I was always reluctant to comment on this topic until a notorious, much-maligned ‘journalist’ with a penchant for misrepresentation and sensationalism recently penned an article which touched briefly on the subject of Sikh-Muslim relations. Even with only a few sentences discussing the matter, he still managed to get it spectacularly wrong. So here goes:
“The implication is that racists should harass Muslims, not them (Sikhs).”
This statement seems to be the writer’s own inference. He fails to comprehend that most Sikhs have always strived to establish themselves as an independent religious community, regardless of the political climate. Also, to allege that a significant minority of Sikhs actually wish for innocent Muslims to be subject to gratuitous attacks is downright outrageous. Still, anything goes when you need to slander the Sikh community as reactionary bigots, right? J
Saying that “Sikhs are not Muslims” is not necessarily racist or symptomatic of an effort to distance ourselves from Muslims. Ultimately, however, it depends on the context in which it is being said. If it is said in a purely informative context in order to highlight the theological differences between adherents of the two respective faiths, then there is nothing morally wrong with such a statement. Unlike some, I believe that Sikhs are entitled to autonomous recognition, politically and socially. Therefore making such a distinction is important to affirming our own identity at a time where Sikhs are increasingly becoming conflated with Muslims or falsely assumed to be a Hindu denomination. Contrary to popular belief, Sikhism is not an offshoot or Hinduism nor is it a syncretism (theological reconciliation between two faiths) of Dharmic and Abrahamic philosophies. Sikhism is a unique, distinct religion and I really hope that people will take their time to research Sikhism and understand this point. Incidentally, the superlative work from the educational organisation ‘Basics-Of-Sikhi’ in this regard is hugely commendable; their aim is primarily to raise awareness about Sikhism as a separate religion, as opposed to persuading people to convert. Generally, aggressive missionary work or proselytism is discouraged in Sikh tradition. Check out their YouTube channel, (www.youtube.com/basicsofsikhi) if you have time.
Emphasising the differences between Muslims and Sikhs is bad IF it is indicative of an attempt by Sikhs to criticise or denigrate Muslims, or to indiscriminately anathematise Muslim people as the “bad guys” who are deserving of attacks. But overall I don’t think that is the case. The fact remains that Sikhs are not Muslims and there are significant differences in theology, practices and traditions; this is not say that Islam is bad or that Muslims are bad. There are also connections, friendships and positive relationships as well as differences. Sufi mystical works influenced Sikh scriptures, and many fakirs in addition to the comparatively tolerant Mughal emperor Akbar maintained cordial relationships with Guru-Sahibs. Furthermore, reminding people of our differences isn’t always a bad thing. Diversity is to be welcomed, surely, it brings colour to humanity and the world.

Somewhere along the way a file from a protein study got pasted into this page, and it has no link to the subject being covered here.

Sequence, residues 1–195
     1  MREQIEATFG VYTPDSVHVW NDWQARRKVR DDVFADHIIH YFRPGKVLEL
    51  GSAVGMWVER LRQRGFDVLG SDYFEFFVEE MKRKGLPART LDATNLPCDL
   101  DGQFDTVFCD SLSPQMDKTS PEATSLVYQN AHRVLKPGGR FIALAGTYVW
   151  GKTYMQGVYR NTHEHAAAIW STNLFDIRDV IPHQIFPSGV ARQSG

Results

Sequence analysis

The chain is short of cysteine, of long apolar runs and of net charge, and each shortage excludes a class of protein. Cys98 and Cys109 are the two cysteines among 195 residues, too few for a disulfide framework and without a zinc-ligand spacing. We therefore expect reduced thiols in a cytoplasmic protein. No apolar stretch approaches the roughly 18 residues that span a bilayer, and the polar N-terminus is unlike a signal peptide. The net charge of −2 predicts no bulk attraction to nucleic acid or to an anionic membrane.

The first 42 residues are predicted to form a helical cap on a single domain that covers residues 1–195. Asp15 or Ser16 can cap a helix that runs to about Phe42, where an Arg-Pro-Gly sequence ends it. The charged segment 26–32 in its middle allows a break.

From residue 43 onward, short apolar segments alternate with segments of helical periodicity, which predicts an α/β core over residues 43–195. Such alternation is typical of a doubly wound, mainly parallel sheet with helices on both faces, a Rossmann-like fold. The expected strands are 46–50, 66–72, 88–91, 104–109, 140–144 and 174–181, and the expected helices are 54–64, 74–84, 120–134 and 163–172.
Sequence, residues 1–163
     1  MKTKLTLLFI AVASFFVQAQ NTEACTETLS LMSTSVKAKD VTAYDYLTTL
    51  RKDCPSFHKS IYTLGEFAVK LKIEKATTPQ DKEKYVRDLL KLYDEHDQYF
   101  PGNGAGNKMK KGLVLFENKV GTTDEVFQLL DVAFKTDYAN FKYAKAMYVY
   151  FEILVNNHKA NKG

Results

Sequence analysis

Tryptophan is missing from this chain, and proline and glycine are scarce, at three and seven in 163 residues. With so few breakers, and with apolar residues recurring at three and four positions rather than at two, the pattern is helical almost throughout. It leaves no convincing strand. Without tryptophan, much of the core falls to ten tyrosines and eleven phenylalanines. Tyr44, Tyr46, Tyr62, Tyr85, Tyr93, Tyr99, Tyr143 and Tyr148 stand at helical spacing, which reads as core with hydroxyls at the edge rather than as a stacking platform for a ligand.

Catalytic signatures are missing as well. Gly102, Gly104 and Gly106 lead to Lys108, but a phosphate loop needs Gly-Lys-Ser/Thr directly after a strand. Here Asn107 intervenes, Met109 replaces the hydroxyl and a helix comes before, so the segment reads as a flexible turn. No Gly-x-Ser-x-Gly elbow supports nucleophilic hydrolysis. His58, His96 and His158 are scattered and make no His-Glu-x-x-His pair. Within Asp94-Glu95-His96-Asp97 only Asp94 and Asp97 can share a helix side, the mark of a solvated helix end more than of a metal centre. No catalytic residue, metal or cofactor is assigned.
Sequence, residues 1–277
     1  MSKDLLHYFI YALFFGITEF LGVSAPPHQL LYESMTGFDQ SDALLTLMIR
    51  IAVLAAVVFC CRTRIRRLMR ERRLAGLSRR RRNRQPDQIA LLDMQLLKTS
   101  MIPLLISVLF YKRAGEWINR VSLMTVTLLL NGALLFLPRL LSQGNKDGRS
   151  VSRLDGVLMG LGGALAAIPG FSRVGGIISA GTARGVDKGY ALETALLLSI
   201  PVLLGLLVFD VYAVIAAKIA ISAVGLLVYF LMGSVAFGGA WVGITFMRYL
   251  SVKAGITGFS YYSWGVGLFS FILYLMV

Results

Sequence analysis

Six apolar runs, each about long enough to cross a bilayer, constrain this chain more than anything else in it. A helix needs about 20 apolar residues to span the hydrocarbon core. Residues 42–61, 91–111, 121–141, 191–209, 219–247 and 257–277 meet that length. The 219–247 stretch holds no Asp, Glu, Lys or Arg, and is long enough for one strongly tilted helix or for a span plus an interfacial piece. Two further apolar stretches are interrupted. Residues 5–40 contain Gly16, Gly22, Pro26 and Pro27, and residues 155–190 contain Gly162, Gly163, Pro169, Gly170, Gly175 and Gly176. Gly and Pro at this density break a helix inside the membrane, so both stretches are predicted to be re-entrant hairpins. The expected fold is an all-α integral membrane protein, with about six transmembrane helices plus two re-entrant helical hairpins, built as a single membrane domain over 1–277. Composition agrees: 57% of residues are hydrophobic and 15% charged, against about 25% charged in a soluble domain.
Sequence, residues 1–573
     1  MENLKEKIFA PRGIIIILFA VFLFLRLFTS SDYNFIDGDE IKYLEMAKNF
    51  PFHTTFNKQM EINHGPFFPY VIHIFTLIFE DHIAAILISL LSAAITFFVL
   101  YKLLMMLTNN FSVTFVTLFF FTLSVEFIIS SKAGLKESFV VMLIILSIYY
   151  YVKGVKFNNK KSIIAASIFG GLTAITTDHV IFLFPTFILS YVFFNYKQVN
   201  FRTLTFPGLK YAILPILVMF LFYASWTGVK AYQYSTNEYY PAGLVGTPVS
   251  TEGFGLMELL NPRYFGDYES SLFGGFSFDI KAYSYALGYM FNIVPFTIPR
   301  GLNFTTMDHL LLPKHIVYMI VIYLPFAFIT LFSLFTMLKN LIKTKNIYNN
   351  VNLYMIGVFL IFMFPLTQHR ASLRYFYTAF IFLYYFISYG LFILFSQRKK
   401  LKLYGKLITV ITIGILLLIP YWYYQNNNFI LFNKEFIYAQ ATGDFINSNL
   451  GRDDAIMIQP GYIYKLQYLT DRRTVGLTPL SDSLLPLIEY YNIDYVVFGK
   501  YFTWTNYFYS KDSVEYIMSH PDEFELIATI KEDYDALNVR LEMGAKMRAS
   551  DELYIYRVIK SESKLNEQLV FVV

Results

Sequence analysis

Having said that, there are a plethora of intercommunal issues — such as grooming (where there is disproportionate overrepresentation of Pakistani Muslims among the perpetrators) and allegations of forced conversions — and it is imperative that these are comprehensively addressed instead of being continually swept under the carpet by the politically-correct, wishy-washy brigade.
Dismissing or disregarding these concerns causes many disaffected Sikhs (and Hindus) to sympathise with far-right nationalist organisations and become susceptible to their vociferous anti-Muslim rhetoric.
There are also longstanding tensions between subcontinental Muslims and Sikhs/Hindus that irrefragably predate the colonial era, such as the persecution by foreign invaders (various Turkic dynasties) and the carnage in the Punjab region that immediately followed the partition of India and Pakistan and the displacement of millions. Moreover, certain theological differences are considered by some to be irreconcilable to the point where there is interpersonal hatred. Although religion is subjective and interpretative, some Sikhs and Hindus have a conception of Islam as being a particularly violent, supremacist and belligerent religion. Correspondingly, some conservative-minded Muslims believe it is impossible to love or befriend a ‘disbeliever’, and that ‘disbelievers’ are subhuman degenerates worthy of contempt or disdain.
Therefore to suggest that any contemporary animosity between Sikhs and Muslims is caused entirely by the legacy of colonial subterfuge, is demonstrative of profound historical illiteracy and ignorance. But that’s to be expected from someone as talentless and misinformed as Sunny Hundal.